Friday, February 3, 2012


Salt in moderate quantities enhance the appeal of those foods which are bland to taste. Any savory preparation without salt can be a disaster for any food processor as there will be few takers for it. On the other hand high salt content can be organoleptically undesirable besides setting in the satiety factor quickly. For centuries salt was valued very high in the human society and there was a time salt was even used as a currency for trade. How is that such a friendly and useful commodity has fallen off the high pedestal in a matter of 4-5 decades and to day it is being castigated as the biggest enemy of human being! While no one disputes the essentiality of salt for normal good health, what is being debated is how much can be consumed by an individual without being affected by a plethora of diseases attributed to high salt consumption. If health and nutrition pundits are to be believed a human just requires just about 220 mg of sodium a day, equivalent to half a gram of salt whereas actual consumption could be almost 5-20 times in different parts of the world. The new finding that it is not the level of salt in the diet that determines the vulnerability of humans to diseases but the ratio of sodium to potassium that influences the health, appears to answer the troubling question as to why all people consuming high salt are not affected by their diet. Probably salt in isolation may not be a true indicator for developing diseases and the whole life style also may have a role to play. Here is a take on this vital health issue confronting to day's world.

"Well, think again. A major study, based on data from more than 12,000 American adults, took into account all those risk factors for death from heart disease. The researchers found that while a diet high in sodium — salt is the main source — increases your risk, even more important is the ratio of sodium (harmful) to potassium (protective) in one's diet. When people whose meals contained little sodium relative to potassium were compared with those whose diets had a high sodium-to-potassium ratio, the latter were nearly 50 percent more likely to die from any cause and more than twice as likely to die from ischemic heart disease during a follow-up period averaging 14.8 years. Although there has been on-and-off controversy about the value of limiting dietary salt, there is no question that a high level of sodium in the diet raises blood pressure and the risk of chronic hypertension by stiffening arteries and blocking nitric oxide, which relaxes arteries. Hypertension, in turn, contributes to heart disease and stroke, leading causes of death. Potassium, on the other hand, activates nitric oxide and thus reduces pressure in the arteries, lowering the risk of hypertension. "We controlled for all the major cardiovascular risk factors and still found an association between the sodium-potassium ratio and deaths from heart disease," said Dr. Elena V. Kuklina, a nutritional epidemiologist at the Centers for Disease Control and Prevention and an author of the study, published earlier this year in Archives of Internal Medicine. "With age, the risk of high blood pressure increases. The lifetime risk in this country is 90 percent. If you live long enough, you're at risk." According to an Institute of Medicine report on sodium released last year, "No one is immune to the adverse health effects of excessive sodium intake."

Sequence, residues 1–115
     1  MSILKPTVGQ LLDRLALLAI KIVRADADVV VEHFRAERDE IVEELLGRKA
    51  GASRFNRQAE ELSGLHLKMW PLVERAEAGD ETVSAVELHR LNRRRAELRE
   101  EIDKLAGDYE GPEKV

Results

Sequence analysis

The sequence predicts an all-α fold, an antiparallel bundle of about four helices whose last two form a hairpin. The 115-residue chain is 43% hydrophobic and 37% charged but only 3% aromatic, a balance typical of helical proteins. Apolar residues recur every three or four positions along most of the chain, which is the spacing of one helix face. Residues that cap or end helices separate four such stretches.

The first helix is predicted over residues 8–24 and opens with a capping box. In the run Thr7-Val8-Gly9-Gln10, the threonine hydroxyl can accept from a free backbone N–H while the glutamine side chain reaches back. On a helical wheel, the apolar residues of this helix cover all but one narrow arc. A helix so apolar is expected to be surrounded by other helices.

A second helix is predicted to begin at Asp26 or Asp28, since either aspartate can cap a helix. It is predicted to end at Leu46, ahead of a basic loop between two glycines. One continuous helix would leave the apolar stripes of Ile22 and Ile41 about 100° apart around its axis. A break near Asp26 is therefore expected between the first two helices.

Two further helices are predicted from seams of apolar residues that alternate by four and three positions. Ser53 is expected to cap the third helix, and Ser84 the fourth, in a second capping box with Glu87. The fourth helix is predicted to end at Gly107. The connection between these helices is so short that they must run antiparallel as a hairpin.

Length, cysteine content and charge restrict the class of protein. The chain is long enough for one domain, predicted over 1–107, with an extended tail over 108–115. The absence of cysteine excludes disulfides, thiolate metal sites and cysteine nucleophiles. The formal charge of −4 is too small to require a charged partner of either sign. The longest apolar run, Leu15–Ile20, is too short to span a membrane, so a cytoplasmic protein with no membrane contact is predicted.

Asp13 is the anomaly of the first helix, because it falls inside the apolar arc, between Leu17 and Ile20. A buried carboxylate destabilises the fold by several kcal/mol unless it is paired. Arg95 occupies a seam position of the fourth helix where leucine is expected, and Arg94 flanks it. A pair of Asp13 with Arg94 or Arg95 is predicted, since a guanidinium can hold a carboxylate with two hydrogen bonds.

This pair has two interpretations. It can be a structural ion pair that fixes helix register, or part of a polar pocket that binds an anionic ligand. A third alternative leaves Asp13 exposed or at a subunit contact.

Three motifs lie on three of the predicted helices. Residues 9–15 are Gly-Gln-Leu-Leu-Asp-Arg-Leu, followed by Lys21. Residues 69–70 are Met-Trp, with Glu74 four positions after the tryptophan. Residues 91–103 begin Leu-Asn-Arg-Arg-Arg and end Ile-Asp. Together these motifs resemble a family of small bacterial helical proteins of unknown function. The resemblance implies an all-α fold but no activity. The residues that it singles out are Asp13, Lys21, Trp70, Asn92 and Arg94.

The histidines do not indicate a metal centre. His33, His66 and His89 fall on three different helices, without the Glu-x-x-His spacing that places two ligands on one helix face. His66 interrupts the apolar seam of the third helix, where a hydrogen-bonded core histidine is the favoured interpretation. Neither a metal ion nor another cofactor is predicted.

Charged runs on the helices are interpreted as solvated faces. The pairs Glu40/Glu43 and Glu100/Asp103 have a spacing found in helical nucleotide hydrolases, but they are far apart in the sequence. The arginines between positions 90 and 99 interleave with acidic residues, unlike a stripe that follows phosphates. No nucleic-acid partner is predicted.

If adequate knowledge is not available to day as to the type of diet which can be safe for the humans, in spite of high salt content present, it is time more focused attention is given to unravel the mysteries of this vital food ingredient. If salt is really bad in the daily diet why is that people in countries like India who are prolific consumers of salt have less incidences of blood pressure and other salt related diseases? Surveys like the above reported cannot give absolute answer to such pointed queries and the answer lies some where else. More research under controlled conditions using human subjects is called for in elucidating the role of salt. In absence of clear picture regarding optimum intake of salt for sound health, it may be wiser to listen to cautionary signals calling for cutting down salt as much as possible. One can only hope that lowering of salt in the diet as being recommended will not precipitate any other unanticipated problems in future.


1 comment:

health ecology said...

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